Usually it’s pretty easy to determine the length of the legs – you can compare their length to the length of the upper body. Keep in mind that tall people (those who have long vertical line as their dominant feature) will have elongated limbs as well – it’s simple anatomy. At the same time, moderate and petite women can have elongated limbs. To determine whether arms have elongated look, take a look where they end compared to hips. Dramatic image identity celebrity Taylor Swift is very tall, so her limbs are also elongated – it makes her Yang-dominant. Sandra Bullock isn’t as narrow as Taylor – she’s still tall, but has wider bone structure, yet her limbs are also elongated. See how Hayden’s arms are shorter in comparison to her body than Taylor’s, for instance:

arms&legs.jpg
Length of arms and legs

4. The size and shape of my hands and feet are best described as:
a. Long and narrow
b. Large and broad
c. Moderate, neither long, broad, delicate nor small
d. Small, narrow, delicate
e. Small and slightly wide

Flesh

The overall shape of my body is best described as:
a. Long, lean, sinewy
b. Broad, tending toward muscular
c. Symmetrical, evenly proportioned
d. Very shapely, a delicate hourglass
e. Very soft, lushly curved, a ripe hourglass

To answer this question, don’t think about your measurements. Audrey Hepburn’s waist-to-hips ratio was smaller than Marilyn Monroe’s, but Audrey looks lean and long, while Marilyn – a soft hourglass. Focus on the overall OUTLINE of your body.

My bustline/torso is best described as:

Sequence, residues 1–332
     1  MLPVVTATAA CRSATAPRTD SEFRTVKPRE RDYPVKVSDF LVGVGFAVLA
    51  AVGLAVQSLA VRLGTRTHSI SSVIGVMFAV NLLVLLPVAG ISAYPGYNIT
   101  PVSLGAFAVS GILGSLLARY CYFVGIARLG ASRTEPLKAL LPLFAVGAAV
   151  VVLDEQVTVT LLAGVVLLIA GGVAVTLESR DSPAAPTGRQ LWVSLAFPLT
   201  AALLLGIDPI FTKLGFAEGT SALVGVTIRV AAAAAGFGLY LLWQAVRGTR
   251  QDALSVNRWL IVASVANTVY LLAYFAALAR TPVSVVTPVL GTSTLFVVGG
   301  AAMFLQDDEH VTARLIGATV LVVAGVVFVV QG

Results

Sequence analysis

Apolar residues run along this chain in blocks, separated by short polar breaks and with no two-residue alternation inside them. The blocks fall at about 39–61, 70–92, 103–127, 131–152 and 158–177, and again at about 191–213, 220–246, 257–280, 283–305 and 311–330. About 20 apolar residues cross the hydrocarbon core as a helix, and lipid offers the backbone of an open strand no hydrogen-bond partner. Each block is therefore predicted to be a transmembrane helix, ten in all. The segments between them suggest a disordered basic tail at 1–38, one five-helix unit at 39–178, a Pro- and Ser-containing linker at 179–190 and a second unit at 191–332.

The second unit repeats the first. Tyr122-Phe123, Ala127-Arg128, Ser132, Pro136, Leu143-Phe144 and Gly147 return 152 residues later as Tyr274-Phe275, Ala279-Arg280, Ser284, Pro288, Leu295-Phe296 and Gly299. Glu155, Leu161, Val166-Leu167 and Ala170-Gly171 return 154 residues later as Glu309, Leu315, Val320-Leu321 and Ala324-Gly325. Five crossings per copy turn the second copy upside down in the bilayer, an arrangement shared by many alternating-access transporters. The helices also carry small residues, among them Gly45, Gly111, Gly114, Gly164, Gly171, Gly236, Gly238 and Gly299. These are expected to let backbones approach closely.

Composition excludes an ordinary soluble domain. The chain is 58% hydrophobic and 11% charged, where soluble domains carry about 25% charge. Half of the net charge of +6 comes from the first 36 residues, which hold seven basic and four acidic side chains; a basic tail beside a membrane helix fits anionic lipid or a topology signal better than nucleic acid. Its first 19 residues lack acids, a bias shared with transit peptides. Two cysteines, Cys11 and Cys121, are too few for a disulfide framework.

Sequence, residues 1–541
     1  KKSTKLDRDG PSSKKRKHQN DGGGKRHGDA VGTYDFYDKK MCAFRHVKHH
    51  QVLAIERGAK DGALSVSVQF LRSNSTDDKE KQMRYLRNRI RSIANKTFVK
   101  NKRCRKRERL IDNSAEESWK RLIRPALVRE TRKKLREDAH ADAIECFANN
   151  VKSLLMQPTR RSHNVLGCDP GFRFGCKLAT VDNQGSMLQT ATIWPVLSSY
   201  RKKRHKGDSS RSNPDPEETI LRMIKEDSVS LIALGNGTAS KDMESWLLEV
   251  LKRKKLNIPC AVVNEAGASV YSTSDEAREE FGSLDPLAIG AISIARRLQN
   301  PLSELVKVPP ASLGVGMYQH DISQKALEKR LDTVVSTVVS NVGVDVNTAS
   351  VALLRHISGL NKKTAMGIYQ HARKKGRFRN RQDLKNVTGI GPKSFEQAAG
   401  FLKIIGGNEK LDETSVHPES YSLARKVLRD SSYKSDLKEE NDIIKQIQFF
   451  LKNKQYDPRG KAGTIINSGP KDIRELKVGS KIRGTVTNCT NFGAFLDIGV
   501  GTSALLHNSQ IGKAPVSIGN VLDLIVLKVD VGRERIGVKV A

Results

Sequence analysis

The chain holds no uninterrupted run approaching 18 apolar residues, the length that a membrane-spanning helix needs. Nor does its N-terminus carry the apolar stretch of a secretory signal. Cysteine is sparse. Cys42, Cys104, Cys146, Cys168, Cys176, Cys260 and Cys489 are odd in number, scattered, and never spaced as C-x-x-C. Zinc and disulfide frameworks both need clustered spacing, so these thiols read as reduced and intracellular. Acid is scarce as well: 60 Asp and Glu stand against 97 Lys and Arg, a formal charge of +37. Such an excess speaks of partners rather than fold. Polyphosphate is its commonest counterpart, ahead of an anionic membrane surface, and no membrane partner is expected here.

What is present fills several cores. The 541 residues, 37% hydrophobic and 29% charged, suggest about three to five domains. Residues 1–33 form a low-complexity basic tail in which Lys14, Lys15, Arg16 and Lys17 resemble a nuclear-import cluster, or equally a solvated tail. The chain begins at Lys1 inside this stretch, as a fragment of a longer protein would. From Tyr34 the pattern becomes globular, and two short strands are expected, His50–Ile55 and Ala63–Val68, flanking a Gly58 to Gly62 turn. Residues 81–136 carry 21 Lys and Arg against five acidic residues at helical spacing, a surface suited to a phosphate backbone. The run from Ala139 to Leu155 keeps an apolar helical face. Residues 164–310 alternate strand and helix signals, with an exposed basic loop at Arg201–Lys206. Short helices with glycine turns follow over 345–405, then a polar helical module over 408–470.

a. Flat, taut (I never seem to add flesh here, even when I’m overweight)
b. Wide, broad (I tend to add a little flesh here when overweight, but not much)
c. Moderate, in even proportion to my waist and hips
d. Shapely, curved, more prominent than my wasitline (my torso is slightly short and I add flesh here, when overweight)
e. Very prominent, lushly curved (whether I’m thin or heavy, I’m always “busty”)

Very important note here: don’t focus on breasts/breast size here only – it’s the overall shape of the bustline that needs to be evaluated, meaning the part of the body above the waist. It’s the ribcage and breasts. Take a look at Margot Robbie here: her breasts are on the small side, but her ribcage is rather wide compared to her hipline. Eliza Dushku has pretty much even proportioned bustline to hips and Samla Hayek’s bustline is very prominent compared to her thin waist and is equally lushly curved as her hipline.

bust.jpg
Bustline/torso

My waistline is best described as:
a. Elongated, but boyishly tapered (this is true even when I’m overweight)
b. Elongated, but tends to be very straight (if thin) or thick (if overweight)
c. Moderate, slightly defined, but not overly cinched
d. Very small, in proportion to my bust and hips
e. Softly defined, but tends to be slightly wide

waist.jpg

My hipline could best be described as:
a. Tapered, straight, and boyishly narrow (however, I do tend to thicken here when I’m overweight)
b. Straight, slightly tapered, and slightly wide (excess weight always seems to collect at my hips)
c. Moderate, in even proportion to my bust and wasitline
d. Shapely and rounded, more pronounced than my waistline
e. Extremely soft and rounded, whatever my weight

The flesh on my upper arms and thighs could best be described as:
a. Long, lithe, and sinewy
b. Elongated and tending toward muscular
c. Moderate, neither extremely soft nor extremely muscular or sinewy
d. Soft, slightly short
e. Very soft, slightly wide and fleshy

upper arms.jpg
Flesh on upper arms
UPPER ARMS+thighs.jpg
Flesh on upper arms and thighs

Facial Bones

The shape of my jawline is best described as:
a. Sharp, either very pointed, very prominent, or very square
b. Broad or blunt, slightly wide
c. Moderate, symmetrical, neither wide, sharp, nor rounded
d. Delicate, tapered, or slightly narrow
e. Rounded or softly wide

The shape of the jawline is one of the especially difficult features to find examples for because the camera distorts it A LOT. Here’s how to understand these shapes better:

a – the jawline has to be very prominent, angular, something you’d call a signature feature (e.g. you can’t imagine Reese Witherspoon with a chin of different shape – this is her very prominent and noticeable feature, her sharp feature (she’s a Soft Gamine btw)